Over the past century, our understanding of cells—the basic building blocks of living organisms—has progressed largely due to microscopes. The invention of fluorescence microscopy has been a primary tool in this scientific endeavor because it allows researchers to color-label specific cellular components and observe them in live cells. The new two-color 3-D Minflux microscope is a vast improvement on traditional fluorescence microscopy because, for the first time, researchers can track how two molecules can interact with each other on the size scale of the molecules themselves.
Scientists report that they have built a living “minimal cell” with a genome stripped down to its barest essentials – and a computer model of the cell that mirrors its behavior. By refining and testing their model, the scientists say they are developing a system that can predict how changes to the genomes, living conditions or physical characteristics of live cells will alter how they function.
They report their findings in the journal Cell.
Bacteria employ many different strategies to regulate gene expression in response to fluctuating, often stressful, conditions in their environments. One type of regulation involves non-coding RNA molecules called small RNAs (sRNAs), which are found in all domains of life. A new study by researchers describes, for the first time, the impacts of sRNA interactions in individual bacterial cells. Their findings are reported in the journal Nature Communications, with the paper selected as an Editors’ highlight article.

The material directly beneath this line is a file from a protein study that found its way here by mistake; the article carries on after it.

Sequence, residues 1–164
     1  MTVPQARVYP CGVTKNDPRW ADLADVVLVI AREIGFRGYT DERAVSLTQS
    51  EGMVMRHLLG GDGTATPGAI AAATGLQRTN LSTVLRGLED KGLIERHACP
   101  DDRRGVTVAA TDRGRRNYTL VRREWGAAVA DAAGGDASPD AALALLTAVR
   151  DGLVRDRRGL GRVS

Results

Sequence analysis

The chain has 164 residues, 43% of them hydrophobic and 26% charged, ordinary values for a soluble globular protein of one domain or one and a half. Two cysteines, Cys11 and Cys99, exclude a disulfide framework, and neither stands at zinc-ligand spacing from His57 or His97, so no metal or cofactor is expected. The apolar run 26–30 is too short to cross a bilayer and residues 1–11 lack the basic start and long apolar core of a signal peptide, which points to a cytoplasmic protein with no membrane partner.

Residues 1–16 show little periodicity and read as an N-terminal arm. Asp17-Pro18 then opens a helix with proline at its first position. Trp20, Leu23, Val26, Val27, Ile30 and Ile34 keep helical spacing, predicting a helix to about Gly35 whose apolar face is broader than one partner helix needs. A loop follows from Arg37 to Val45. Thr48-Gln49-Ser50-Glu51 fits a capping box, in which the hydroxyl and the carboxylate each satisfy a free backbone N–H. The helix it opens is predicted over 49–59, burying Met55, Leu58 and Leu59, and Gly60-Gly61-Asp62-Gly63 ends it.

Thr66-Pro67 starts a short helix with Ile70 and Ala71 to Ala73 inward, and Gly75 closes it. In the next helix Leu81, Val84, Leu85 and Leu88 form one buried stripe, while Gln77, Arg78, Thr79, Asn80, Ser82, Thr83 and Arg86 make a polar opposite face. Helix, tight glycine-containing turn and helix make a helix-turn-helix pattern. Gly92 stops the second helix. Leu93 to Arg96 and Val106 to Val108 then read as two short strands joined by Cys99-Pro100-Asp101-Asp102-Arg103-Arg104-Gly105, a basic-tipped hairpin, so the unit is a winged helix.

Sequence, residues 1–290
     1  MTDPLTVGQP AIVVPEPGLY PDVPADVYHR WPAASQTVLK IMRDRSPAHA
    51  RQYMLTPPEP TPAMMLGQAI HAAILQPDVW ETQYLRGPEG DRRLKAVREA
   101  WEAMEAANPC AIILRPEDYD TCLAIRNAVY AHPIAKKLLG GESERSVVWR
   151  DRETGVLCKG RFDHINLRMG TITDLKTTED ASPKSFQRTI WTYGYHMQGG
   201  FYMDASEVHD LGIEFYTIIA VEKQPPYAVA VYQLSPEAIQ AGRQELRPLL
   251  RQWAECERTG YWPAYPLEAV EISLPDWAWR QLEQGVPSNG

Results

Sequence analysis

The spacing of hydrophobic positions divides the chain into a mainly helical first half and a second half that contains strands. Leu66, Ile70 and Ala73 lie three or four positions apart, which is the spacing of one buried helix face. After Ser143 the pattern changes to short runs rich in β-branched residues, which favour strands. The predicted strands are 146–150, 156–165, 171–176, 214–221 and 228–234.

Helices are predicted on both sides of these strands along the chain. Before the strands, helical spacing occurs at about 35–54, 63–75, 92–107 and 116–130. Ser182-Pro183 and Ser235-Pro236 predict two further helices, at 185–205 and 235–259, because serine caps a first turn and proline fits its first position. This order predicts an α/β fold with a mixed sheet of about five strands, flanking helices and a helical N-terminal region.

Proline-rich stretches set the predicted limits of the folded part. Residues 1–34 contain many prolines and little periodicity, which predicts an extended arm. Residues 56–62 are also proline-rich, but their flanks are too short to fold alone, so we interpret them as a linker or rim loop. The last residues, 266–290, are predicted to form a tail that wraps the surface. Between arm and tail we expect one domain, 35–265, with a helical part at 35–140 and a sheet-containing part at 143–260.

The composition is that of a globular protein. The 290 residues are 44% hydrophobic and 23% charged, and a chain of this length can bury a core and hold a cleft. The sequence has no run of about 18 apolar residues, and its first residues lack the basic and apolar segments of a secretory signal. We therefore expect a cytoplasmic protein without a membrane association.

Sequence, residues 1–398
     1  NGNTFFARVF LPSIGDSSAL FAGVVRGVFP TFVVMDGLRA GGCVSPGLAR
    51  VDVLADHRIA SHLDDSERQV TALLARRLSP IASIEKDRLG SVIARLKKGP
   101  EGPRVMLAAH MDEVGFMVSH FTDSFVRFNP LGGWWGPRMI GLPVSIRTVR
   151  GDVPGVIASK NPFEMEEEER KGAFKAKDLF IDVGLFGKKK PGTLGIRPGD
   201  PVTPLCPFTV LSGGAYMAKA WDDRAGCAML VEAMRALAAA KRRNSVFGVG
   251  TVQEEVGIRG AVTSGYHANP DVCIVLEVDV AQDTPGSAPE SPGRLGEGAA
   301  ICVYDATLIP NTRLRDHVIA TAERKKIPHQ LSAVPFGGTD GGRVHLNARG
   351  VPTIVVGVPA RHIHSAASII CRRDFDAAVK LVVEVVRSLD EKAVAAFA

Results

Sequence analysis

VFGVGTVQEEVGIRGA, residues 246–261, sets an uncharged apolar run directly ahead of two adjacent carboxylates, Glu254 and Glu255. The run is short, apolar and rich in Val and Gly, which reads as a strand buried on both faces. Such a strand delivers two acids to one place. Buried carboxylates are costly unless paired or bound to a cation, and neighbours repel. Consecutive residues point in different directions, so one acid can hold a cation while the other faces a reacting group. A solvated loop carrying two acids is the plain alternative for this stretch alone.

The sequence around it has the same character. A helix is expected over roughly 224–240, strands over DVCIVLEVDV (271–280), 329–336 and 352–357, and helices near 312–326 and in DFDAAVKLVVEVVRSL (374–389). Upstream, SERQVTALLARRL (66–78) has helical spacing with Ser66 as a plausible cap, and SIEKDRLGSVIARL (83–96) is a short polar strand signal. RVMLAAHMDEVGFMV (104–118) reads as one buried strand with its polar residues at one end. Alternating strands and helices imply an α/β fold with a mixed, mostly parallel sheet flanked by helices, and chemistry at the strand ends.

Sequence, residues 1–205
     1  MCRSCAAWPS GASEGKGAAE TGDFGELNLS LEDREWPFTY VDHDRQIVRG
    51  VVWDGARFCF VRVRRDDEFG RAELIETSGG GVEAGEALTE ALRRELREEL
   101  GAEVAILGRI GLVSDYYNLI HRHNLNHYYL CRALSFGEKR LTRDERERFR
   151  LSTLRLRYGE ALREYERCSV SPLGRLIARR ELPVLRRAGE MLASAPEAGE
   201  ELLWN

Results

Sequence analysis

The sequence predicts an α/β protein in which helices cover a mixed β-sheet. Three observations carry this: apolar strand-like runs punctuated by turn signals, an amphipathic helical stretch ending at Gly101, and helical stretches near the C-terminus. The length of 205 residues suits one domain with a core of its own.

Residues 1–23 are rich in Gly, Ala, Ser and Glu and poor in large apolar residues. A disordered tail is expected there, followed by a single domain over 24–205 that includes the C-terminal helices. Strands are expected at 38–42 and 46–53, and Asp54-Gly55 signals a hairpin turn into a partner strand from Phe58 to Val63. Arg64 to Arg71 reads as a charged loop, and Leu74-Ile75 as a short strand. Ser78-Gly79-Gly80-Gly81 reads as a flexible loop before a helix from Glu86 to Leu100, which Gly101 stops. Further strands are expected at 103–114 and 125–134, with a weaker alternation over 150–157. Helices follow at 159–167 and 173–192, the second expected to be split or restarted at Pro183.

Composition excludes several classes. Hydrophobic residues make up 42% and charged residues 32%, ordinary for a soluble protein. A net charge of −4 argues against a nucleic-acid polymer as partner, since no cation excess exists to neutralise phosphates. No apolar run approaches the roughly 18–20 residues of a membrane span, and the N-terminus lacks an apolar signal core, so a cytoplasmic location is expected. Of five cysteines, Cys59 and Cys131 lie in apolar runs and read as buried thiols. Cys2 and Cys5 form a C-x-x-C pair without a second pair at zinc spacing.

Researchers have developed the first computational model of a human cell and simulated its behavior for 15 minutes – the longest time achieved for a biological system of this complexity. In a new study, simulations reveal the effects of spatial organization within cells on some of the genetic processes that control the regulation and development of human traits and some human diseases.
The study, which produced a new computational platform that is available to any researcher, is published in the journal PLoS Computational Biology.
The IGB’s Fox Family Innovation and Entrepreneurship Certificate Program has inspired one participant to found a company with a mission to create computational tools for biomedical researchers.
Ribosomes, the cellular machines that build proteins, are themselves made up of dozens of proteins and a few looping strands of RNA. A new study, reported in the journal Nature, offers new clues about how the ribosome, the master assembler of proteins, also assembles itself.